Today At The Clinton Street Theater
Portland Premiere: SUGGESTIVE GESTURES and TriPinKie
Tonight we are proud to present the Portland Premiere of two new experimental works. The short animation TriPinKie from local artist Jefferson Kincaid premieres prior to the premiere of SUGGESTIVE GESTURES by David Finkelstein.
Director David Finkelstein characterizes his film as a 'landscape.' Words, images, and music are all used to evoke a series of changing textures and an evolving inner landscape, which the viewer is free to enjoy in the same way one enjoys a captivating view: by savoring the spatial and color relationships, and becoming immersed in the mood and emotional flavor of each scene, without necessarily expecting the experience to make statements or tell a story. The words, all improvised by Finkelstein and actress Cassie Terman, become physical objects in the scene, where they literally create the landscape and generate the volatile, changing moods of the piece. 'Gertrude Stein was the first one to suggest that language could be used to create a landscape, rather than tell a story,' says Finkelstein, 'and her idea is still proving to be a fruitful way to make performances and films.'
Legendary underground filmmaker Mike Kuchar says of this work, "A poet's journey though corridors of liquid geometry where words float and echoes are visual; where portals open onto morphing gardens with unlimited horizons."
Artist's Bio: DAVID FINKELSTEIN's video work has been featured in numerous film festivals around the world and has won awards at twelve of them. In 2013, he was an invited artist at the Traverse Vidéo Festival in Toulouse, France. His first feature film premiered this year at New Filmmakers in New York. He has had solo screenings of his films in New York, North Carolina, Minnesota, Los Angeles and San Francisco. His work has been funded by The Fund for Creative Communities, The Field, Movement Research, Meet the Composer, The Brooklyn Arts Exchange, BACA, and other sources.
Jefferson Kincaid has been an independent video producer since 1995, and has the longest running UFO cable show in Oregon. He started learning animation, mostly self-taught, in 1997. He has produced a variety of local documentaries and several abstract video shorts including animations. Portland Community Media is where he's learned and made his videos. His video work is reflective of a variety of interests including a passion for art and science, a concern for health and well being, which Jefferson gained from a background of being a therapist and teacher, and studies that go well beyond his M.Ed.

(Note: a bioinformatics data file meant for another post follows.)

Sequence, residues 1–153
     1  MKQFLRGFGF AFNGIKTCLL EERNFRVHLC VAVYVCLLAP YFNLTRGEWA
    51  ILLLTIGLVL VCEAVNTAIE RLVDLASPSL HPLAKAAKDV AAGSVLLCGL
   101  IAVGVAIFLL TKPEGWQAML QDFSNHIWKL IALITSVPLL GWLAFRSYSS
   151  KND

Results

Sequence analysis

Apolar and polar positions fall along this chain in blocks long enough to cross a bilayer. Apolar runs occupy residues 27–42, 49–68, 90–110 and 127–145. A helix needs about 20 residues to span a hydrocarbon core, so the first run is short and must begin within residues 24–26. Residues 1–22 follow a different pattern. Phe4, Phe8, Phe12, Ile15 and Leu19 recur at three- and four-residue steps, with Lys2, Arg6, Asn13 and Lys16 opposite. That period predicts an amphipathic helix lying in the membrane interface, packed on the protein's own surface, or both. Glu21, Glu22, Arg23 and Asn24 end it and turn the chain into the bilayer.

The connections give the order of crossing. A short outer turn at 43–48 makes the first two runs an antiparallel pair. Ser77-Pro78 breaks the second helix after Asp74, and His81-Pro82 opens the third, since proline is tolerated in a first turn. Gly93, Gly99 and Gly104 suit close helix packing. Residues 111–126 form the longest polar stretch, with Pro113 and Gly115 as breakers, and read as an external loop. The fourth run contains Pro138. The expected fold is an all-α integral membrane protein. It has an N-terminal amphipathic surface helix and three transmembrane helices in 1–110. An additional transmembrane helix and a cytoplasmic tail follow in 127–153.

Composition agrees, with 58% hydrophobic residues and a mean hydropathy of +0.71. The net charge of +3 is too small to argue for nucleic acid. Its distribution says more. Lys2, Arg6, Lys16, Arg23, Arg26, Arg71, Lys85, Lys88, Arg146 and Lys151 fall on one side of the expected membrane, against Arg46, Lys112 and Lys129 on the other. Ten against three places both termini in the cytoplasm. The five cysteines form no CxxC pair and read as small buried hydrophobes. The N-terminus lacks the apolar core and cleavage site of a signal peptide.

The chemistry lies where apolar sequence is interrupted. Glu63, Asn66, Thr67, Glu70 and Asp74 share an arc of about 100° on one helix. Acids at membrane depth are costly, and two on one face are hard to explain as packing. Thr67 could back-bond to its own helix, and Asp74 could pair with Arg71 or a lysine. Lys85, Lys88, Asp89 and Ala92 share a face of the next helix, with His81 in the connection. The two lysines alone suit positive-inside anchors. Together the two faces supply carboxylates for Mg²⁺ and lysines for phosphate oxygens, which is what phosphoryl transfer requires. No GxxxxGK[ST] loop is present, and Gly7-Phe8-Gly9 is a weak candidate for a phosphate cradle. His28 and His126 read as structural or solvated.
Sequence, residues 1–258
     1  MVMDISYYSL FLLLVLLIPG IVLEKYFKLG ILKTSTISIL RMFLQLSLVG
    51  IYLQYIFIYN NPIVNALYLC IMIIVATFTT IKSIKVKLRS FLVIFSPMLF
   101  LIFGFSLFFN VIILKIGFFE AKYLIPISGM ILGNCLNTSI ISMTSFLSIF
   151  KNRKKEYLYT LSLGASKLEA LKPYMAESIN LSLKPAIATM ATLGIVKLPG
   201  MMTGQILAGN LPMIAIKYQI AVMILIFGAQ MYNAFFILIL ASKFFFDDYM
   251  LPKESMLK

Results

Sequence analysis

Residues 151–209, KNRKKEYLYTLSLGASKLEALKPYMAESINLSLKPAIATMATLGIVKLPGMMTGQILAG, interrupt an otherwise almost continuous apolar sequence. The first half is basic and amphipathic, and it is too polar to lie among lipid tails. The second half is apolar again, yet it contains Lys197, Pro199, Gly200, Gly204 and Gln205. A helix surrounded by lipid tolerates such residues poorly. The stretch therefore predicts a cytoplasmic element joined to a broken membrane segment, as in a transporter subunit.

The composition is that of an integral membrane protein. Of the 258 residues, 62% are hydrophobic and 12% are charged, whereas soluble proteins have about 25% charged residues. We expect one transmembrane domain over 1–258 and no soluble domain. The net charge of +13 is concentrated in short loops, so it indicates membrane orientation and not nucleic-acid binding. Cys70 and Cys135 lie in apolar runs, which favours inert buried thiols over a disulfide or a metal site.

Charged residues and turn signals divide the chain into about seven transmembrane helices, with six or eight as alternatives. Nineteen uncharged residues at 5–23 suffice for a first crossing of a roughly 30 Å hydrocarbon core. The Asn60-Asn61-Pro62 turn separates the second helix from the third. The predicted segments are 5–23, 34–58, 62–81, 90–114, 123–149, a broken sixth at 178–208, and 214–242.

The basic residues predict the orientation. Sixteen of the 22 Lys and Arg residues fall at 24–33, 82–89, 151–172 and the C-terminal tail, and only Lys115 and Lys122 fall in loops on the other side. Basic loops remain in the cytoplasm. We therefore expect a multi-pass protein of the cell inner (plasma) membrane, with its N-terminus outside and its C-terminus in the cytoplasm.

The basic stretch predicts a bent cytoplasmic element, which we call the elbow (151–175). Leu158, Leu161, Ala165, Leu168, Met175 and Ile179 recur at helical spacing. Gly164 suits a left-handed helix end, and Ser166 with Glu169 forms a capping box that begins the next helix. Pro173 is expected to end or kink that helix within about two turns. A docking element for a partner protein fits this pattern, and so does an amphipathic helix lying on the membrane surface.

Tonight's screening is sponsored by EFF Portland and directors David Finklestein and Jefferson Kincaid are in attendance for a spirited Q&A after the screenings.
Traveling along the path of a labyrinth, the viewer passes through a series of extremely diverse landscapes, which are created through lush animation, evocative orchestral music, and rich dialog, in which words are used as much for rhythm and texture as they are for meaning. A man and woman guide us on this trip, taking us past gently falling Mondrian paintings, violent car crashes and bombing raids, and a pair of dancing, multicolored boxes, among many other settings. Based on an improvised performance, 'Suggestive Gestures' leads us gradually and indirectly towards a mysterious animal, hiding in the center of the maze.
This short experimental abstract animation video took a year and a half to make. First I started working with graphics with only the desire of radically distorting a clip I’d made in the program “Motion”. I created a “palette” of very diverse sub-sequences that could be further altered while having elements of not knowing what would happen and spontaneity. Later I began to make different origin clips and modify these. I used standard definition and later switched to high definition. I did do some drawing but mostly relied upon the continual alterations of the graphics I created that could include very many layers of video. Along the way this video started taking shape into what I consider is a conceptual triptych involving three different emotional states. The audio was done last and took about forty hours. My preference is to let people first watch my abstract work and then fill in the details about how I came up with it later.